Prenatal Calcium and Vitamin D Intake, and Bone Mass in Later Life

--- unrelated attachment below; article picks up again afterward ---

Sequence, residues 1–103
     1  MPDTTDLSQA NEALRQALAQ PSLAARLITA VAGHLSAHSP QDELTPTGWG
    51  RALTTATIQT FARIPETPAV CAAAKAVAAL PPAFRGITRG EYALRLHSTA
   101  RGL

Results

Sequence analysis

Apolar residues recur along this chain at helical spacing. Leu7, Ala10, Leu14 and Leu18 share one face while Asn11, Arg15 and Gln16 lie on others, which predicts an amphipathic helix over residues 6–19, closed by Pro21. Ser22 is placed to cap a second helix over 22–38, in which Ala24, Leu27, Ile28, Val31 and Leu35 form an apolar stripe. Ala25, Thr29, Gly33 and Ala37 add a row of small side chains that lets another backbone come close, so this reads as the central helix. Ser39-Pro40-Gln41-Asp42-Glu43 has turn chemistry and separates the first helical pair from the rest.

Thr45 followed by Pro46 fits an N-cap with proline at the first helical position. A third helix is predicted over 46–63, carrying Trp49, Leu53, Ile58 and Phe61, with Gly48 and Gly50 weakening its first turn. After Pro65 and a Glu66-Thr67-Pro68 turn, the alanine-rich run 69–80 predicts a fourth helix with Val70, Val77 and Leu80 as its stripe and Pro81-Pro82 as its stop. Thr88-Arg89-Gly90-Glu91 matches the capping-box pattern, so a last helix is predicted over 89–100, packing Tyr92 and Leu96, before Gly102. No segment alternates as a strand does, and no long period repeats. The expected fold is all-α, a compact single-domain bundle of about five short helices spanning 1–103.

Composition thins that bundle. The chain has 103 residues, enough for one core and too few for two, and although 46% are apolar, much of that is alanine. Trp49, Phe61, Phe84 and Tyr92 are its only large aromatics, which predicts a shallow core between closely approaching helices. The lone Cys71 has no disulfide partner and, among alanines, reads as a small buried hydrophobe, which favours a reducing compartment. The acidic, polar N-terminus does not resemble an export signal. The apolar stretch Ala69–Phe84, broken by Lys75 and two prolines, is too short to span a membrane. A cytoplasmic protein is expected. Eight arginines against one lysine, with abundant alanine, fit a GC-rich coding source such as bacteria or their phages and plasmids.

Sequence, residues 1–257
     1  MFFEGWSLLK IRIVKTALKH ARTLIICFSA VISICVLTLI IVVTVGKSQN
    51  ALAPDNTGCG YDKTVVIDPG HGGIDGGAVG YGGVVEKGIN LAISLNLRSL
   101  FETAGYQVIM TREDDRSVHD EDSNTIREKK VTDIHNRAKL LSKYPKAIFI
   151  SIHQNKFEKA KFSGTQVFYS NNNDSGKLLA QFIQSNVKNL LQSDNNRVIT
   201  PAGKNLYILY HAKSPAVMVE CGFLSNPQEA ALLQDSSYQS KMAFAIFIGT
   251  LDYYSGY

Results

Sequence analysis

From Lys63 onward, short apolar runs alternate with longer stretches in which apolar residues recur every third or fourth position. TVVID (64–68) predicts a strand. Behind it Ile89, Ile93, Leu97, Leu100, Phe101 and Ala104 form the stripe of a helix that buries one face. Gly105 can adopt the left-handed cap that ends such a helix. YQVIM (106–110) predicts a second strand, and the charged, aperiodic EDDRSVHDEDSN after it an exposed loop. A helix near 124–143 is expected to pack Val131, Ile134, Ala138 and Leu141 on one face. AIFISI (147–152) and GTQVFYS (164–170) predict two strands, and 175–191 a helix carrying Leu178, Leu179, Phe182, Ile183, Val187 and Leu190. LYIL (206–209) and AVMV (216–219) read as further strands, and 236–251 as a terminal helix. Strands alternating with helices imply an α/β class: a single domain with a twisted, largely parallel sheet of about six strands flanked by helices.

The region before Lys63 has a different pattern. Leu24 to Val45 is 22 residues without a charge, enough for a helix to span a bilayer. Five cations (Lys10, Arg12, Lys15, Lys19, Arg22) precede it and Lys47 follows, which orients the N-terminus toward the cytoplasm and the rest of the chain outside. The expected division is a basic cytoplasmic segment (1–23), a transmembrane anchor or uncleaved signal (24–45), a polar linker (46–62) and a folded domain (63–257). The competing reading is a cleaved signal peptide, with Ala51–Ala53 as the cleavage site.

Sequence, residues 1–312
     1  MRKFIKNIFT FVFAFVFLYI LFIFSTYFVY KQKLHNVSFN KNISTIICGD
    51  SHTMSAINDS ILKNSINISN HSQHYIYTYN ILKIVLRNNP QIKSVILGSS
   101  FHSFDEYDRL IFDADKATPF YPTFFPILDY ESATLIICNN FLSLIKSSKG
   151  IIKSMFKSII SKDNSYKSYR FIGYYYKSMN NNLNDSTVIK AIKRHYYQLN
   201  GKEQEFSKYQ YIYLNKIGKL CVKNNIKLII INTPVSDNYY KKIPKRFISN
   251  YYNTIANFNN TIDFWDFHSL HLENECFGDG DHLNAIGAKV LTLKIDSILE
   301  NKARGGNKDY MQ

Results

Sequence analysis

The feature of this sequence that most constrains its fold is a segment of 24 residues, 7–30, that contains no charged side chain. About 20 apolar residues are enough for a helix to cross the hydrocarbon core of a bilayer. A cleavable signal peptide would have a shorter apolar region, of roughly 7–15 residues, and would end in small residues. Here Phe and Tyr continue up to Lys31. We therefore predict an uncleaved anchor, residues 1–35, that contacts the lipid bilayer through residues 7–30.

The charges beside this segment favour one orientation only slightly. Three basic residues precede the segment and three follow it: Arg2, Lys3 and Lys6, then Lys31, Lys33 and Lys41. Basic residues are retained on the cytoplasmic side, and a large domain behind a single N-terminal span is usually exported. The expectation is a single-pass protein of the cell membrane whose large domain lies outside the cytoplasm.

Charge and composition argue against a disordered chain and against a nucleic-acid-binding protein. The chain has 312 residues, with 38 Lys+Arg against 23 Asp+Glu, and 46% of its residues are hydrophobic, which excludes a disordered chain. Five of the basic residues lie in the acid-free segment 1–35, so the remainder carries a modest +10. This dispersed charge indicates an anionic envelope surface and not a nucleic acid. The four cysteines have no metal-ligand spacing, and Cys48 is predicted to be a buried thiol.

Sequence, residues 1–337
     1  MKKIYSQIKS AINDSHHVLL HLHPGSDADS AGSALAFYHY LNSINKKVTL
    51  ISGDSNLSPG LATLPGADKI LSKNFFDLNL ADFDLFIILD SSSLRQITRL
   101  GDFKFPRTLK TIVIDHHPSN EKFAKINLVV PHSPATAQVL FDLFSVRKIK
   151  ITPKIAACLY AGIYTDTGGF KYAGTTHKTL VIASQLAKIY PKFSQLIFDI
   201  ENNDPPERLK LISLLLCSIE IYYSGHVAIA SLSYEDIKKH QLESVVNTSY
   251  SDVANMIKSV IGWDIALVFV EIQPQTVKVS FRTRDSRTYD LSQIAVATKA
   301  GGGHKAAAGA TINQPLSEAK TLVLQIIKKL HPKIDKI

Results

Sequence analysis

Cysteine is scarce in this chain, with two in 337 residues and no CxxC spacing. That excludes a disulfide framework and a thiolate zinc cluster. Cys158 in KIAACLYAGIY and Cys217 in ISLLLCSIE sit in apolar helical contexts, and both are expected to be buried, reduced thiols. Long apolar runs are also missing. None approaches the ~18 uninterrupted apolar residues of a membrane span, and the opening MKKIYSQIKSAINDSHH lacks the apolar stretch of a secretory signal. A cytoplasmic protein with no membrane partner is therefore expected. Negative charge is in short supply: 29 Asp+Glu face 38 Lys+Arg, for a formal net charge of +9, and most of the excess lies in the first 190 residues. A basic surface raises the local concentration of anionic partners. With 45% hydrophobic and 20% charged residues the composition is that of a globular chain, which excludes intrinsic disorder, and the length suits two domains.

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The aging population will result in an increasing burden of osteoporotic fractures, necessitating the identification of novel strategies for prevention. There is increasing recognition that factors in utero may influence bone mineral accrual, and, thus, osteoporosis risk. The role of calcium and vitamin D has received much attention in recent years, and in this review, we will survey available studies relating maternal calcium and vitamin D status during pregnancy to offspring bone development. The evidence base supporting a positive influence on intrauterine skeletal growth appears somewhat stronger for maternal 25(OH)-vitamin D concentration than for calcium intake, and the available data point toward the need for high-quality randomized controlled trials in order to inform public health policy. It is only with such a rigorous approach that it will be possible to delineate the optimal strategy for vitamin D supplementation in pregnancy in relation to offspring bone health.